Time to Go Home at LAX

ObesityWeek 2015: Top Ten to Take Home

Gee whiz, our brains are full. After a week of listening and learning from the smartest people in the world about obesity, we all need some time to it take home from ObesityWeek 2015 and just digest it. But while you’re digesting, here are some things to reflect upon.

  1. Brain Drain & Gain. The neuroscience presented at this meeting, ranging from brain stimulation for appetite control, to vagal nerve blockade, to hypothalamic gliosis, and more was nothing short of impressive.
  2. eHealth. People have high hopes for digital technology to enhance prevention and treatment strategies for obesity. Some of it might be puffery and some of it might be promising, but we certainly had a lot to see at this meeting.
  3. Pharmacotherapy. Deeper experience with the four new drugs to treat obesity means that quite a few papers were presented, as well as sessions on the prospects for new options.
  4. Teen LABS. Despite impressive new data presented at ObesityWeek and published in the New England Journal of Medicine on the value of bariatric surgery for adolescents who need it, people are still writing things like “a last resort” and “similar results could be achieved with extremely intensive programs.”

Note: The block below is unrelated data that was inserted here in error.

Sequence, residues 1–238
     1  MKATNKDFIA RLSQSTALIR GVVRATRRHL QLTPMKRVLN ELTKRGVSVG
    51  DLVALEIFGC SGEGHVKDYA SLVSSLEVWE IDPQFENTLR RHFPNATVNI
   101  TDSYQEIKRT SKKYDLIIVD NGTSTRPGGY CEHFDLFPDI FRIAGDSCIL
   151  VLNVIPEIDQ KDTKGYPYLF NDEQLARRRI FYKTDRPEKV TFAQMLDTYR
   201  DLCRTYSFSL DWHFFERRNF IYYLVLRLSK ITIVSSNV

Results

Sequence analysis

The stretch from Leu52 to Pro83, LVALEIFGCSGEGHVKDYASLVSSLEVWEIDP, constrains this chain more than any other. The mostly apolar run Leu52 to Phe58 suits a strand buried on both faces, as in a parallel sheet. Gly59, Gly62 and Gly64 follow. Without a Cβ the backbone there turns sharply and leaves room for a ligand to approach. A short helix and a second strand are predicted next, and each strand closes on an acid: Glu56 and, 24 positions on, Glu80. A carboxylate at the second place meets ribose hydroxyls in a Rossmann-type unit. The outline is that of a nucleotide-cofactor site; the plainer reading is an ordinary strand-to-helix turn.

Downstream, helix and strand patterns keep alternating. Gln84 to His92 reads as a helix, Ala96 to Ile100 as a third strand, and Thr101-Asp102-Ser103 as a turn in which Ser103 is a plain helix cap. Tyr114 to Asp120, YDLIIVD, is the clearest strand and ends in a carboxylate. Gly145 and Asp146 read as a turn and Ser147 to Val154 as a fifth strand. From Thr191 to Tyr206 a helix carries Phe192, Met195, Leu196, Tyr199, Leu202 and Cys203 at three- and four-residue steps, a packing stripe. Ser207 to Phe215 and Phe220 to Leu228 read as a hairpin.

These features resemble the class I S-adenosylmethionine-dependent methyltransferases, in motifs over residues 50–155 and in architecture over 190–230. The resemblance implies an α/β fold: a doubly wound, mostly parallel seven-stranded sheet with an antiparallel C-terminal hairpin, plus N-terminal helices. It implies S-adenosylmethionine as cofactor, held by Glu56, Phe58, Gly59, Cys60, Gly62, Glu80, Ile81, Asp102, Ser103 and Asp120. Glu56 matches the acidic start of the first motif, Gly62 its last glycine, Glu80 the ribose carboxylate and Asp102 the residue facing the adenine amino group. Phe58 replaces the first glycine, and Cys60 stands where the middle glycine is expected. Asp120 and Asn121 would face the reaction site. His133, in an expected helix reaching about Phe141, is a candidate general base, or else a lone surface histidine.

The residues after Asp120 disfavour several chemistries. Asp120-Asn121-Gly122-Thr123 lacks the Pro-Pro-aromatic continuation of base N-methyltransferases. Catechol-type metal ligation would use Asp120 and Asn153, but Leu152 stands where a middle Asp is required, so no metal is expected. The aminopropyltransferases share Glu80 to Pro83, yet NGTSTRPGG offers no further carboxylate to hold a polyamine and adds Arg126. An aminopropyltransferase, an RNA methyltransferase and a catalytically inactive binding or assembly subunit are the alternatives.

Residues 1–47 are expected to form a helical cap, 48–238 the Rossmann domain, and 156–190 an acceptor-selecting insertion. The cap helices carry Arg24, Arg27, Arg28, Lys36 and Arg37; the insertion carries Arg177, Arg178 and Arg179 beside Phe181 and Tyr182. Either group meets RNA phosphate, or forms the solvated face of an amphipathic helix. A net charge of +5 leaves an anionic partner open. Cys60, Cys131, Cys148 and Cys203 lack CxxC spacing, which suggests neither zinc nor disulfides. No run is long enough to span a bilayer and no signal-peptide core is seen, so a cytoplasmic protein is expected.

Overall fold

5. Balloons. We had plenty of exposure to two newly approved gastric balloons at ObesityWeek. But a “procedureless” experimental balloon from Allurion Technologies (the Ellipse gastric balloon) stole the press coverage when phase 2 data were presented.
  6. Soda Taxes. We had plenty of sessions on soda taxes, but a paucity of hard data that can support any firm conclusions. That gap in the evidence does little to slow either the proponents or opponents. We have God-given talent for making assumptions and that’s all we need to keep our stale arguments alive.
  7. Labeling. Fascinating studies on menu and food labeling once again told us that simplistic assumptions will keep making fools of us.
  8. Economics of Surgery. ASMBS President John Morton presented data showing that bariatric surgery — contrary to many assumptions — actually provides pretty good value for money.
  9. Access to Care. Vanderbilt law professor Jennifer Shinall presented a strong case for pursuing gender discrimination complaints for plans that deny access to obesity care. Another study (conducted by ConscienHealth) documented remarkably poor insurance coverage for obesity care.
  10. Bias and Shaming. New data from the Rudd Center and the Obesity Action Coalition found evidence that despite some decline in fat shaming, weight bias remains prevalent.

A week filled with such intensity of new learning requires considerable effort from a staggering number of people. Thank you all.

Links to more information can be found in each of the items above.

Time to Go Home at LAX, photograph © Ted Kyle

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November 8, 2015